If employees complain about any offensive natural odors in the restroom, consider improving the ventilation. Scented restrooms were not common in the United States until the late 1990s. They are not a necessity.


Fragrance policy

People with MCS consistently rate fragrances as one of their worst problems (Steinemann, 2016, 2018; Larsson, 2009).


Fragrances are largely unregulated and contain many toxic chemicals (Steinemann, 2009; Grenville, 2017).


Restricting them is thus very similar to restricting smoking, which also is an unnecessary habit that is unhealthy to others.


There are many ways fragrances can be brought into the workplace, such as:

A no-fragrance staff policy can provide a major improvement to the air quality. A pioneer was the U.S. Centers for Disease Control and Prevention, which enacted a policy in 2009 (CDC, 2009).


It states in part:


Fragrance is not appropriate for a professional work environment, and the use of some products with fragrance may be detrimental to the health of workers with chemical sensitivities, allergies, asthma and chronic headaches/migraines.


The Canadian Centre for Occupational Health and Safety also provides guidelines for making the workplace fragrance free (CCOHS, 2020).


Consider a gradual approach, starting with banning scented candles and all other kinds of fragrance emitters. Then move on to personal care products.


Such policies may be met with employee resistance, though they may also be welcomed by many employees who have mild symptoms or simply find the smells unpleasant (Steinemann, 2016; Berg, 2008; Johansson, 2005).



Various forms of personal care products and cosmetics can be a problem to other people in the same room.


Education of the entire staff is paramount for acceptance and compliance. It must be stressed that this is a medical issue and not merely that someone doesn't like the smell of fragrances (CCOHS, 2020). It may also help to point out that limiting fragrances is to the benefit of everybody's health, and not just one individual (Vierstra, 2007). A good educational source is the book The Case Against Fragrance, by Kate Grenville.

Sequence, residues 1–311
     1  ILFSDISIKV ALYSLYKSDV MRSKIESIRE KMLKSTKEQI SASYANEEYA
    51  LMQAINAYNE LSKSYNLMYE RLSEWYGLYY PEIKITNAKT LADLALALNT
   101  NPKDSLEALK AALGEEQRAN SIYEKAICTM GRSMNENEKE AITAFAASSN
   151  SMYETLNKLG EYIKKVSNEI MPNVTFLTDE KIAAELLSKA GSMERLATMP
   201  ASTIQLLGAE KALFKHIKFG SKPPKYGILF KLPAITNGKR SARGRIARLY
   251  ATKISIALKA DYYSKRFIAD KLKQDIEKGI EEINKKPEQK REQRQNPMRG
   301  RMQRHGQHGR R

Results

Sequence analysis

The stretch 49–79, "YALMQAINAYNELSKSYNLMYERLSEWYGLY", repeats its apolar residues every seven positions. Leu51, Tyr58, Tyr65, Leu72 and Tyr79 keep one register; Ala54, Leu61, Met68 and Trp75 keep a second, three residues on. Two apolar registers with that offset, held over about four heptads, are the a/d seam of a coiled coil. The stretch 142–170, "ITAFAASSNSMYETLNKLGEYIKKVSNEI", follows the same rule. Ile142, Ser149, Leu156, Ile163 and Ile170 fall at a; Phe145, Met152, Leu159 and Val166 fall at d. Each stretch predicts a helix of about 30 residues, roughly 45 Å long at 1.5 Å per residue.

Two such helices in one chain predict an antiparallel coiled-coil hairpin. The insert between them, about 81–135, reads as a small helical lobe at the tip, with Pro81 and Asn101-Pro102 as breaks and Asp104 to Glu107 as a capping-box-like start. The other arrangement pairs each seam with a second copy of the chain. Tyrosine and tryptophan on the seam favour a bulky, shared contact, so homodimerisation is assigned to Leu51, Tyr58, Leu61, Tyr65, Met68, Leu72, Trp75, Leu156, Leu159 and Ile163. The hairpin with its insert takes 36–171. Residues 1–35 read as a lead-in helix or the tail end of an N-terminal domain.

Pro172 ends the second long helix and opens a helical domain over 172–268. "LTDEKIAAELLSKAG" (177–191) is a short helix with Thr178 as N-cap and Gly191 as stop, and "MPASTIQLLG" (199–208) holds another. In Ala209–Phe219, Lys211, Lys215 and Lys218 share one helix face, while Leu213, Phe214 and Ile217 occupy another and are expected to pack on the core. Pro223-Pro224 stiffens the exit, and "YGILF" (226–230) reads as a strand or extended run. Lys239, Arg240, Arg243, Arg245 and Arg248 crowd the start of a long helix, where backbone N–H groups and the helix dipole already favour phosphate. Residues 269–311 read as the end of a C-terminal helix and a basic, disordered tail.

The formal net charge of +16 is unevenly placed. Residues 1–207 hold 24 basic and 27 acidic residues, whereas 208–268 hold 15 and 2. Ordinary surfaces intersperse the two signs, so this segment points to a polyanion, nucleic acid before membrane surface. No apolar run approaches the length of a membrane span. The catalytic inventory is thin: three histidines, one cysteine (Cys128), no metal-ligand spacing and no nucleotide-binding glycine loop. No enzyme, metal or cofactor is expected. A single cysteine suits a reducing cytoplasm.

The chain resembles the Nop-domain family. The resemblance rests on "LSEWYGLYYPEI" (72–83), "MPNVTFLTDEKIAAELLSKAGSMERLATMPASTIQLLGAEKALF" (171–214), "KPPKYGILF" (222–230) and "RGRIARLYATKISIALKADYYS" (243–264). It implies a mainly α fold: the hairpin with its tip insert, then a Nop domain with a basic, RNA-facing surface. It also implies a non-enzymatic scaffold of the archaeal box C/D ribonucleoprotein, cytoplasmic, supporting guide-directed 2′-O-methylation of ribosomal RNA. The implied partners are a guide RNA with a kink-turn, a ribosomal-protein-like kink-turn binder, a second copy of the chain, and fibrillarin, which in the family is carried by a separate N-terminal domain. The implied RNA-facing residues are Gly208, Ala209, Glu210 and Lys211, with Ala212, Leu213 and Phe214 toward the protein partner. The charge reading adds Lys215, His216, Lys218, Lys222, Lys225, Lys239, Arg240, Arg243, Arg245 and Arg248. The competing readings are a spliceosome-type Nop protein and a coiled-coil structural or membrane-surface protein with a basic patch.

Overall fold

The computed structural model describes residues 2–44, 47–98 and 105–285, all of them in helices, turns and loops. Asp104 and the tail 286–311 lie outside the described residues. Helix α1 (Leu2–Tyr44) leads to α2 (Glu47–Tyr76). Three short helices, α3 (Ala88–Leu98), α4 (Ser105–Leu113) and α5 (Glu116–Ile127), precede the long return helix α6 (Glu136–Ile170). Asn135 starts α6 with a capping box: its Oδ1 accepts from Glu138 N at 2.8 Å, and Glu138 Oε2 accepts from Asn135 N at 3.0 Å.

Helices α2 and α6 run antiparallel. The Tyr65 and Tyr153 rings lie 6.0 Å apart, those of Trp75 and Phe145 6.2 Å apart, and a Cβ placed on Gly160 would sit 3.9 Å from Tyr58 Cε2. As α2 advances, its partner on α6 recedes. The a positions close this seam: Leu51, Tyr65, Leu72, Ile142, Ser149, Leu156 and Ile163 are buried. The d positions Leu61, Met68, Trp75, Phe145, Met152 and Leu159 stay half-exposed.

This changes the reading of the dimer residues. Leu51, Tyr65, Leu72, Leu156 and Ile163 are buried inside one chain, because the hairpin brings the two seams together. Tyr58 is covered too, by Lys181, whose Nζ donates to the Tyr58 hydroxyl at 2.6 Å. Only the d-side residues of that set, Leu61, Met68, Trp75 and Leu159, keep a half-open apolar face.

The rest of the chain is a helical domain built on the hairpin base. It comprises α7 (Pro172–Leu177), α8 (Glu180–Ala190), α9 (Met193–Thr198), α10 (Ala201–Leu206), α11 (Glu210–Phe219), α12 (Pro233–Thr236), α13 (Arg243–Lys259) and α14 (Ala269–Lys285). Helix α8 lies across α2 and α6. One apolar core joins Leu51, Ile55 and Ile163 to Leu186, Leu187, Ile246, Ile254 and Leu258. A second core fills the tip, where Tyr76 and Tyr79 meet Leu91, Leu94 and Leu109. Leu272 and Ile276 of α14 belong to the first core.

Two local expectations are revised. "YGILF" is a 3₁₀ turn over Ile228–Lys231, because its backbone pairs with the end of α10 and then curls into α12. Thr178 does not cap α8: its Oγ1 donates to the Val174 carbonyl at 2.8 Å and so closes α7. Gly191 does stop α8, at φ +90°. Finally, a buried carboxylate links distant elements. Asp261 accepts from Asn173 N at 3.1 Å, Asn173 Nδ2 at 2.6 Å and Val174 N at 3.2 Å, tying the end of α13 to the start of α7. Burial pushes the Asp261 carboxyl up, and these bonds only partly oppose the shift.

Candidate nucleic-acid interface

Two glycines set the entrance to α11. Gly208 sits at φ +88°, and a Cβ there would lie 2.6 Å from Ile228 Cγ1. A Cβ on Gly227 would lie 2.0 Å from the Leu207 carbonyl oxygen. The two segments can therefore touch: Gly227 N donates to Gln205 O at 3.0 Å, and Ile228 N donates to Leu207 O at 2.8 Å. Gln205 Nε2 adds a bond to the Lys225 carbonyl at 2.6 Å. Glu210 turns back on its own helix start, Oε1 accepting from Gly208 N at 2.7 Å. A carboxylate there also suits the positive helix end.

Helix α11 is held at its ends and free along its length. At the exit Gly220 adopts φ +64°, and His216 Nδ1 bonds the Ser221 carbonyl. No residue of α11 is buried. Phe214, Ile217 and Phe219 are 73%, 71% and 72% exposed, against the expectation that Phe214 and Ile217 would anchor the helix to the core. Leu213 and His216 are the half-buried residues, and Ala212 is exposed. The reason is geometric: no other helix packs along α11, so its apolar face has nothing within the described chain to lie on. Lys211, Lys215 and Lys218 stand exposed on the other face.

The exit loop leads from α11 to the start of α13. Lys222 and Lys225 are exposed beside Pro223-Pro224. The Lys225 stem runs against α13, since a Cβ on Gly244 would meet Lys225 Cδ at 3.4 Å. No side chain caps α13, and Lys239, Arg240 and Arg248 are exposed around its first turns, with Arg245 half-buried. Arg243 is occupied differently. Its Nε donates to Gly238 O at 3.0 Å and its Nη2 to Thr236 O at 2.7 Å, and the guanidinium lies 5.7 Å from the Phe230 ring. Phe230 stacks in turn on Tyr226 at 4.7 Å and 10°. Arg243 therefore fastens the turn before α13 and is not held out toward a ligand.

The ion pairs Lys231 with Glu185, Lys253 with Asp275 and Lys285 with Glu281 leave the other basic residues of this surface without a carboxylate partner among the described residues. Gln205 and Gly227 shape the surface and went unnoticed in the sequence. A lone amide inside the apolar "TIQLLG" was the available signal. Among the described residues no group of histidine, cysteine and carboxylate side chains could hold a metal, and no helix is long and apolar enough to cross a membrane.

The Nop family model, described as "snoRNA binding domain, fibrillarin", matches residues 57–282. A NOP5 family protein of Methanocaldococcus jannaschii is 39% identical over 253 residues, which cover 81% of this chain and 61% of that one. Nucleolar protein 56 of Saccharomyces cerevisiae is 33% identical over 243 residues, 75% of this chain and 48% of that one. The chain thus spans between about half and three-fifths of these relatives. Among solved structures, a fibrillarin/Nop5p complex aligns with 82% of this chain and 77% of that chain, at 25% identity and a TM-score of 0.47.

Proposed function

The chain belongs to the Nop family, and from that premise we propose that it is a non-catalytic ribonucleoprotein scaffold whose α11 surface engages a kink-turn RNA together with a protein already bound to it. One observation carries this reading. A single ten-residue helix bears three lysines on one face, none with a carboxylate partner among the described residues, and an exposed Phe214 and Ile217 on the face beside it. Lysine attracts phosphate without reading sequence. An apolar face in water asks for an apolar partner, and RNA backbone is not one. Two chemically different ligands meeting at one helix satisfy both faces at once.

There are several lines of less-scented personal care products available. It could be helpful to provide the staff with a list of locally available products, especially major brands from major stores.


Essential oils are not an acceptable alternative. Even those products marketed as "natural" or "organic" contain nasty solvents (Nematollahi, 2018).


Plan for how to handle non-compliant employees and visitors, such as sending them home to clean up, placing them in a separate room or other measures. The sensitive person should not be the "fragrance police." That will quickly poison the atmosphere and could result in harassment.


Employers are naturally reluctant to set such a policy. Several employees have tried to get the courts to force the employer. In the past that was not successful (Vierstra, 2007), but more recent attempts have been successful (McBride, 2010).


For the most sensitive, a fragrance policy is a great help but may not be enough. Fragrances will still find their way into the building on people's clothes if they have visited a public restroom on the way, or they use fragrance dispensers at home or in the car. Or if they share a washing machine with other people who use fabric softeners and scented detergent.


Dry cleaned clothes can also be a problem.



Sometimes the employee simply has to be separated from the normal work room and/or the other employees.


It may be sufficient to move the employee's work station well away from the other people, but still in the same large room.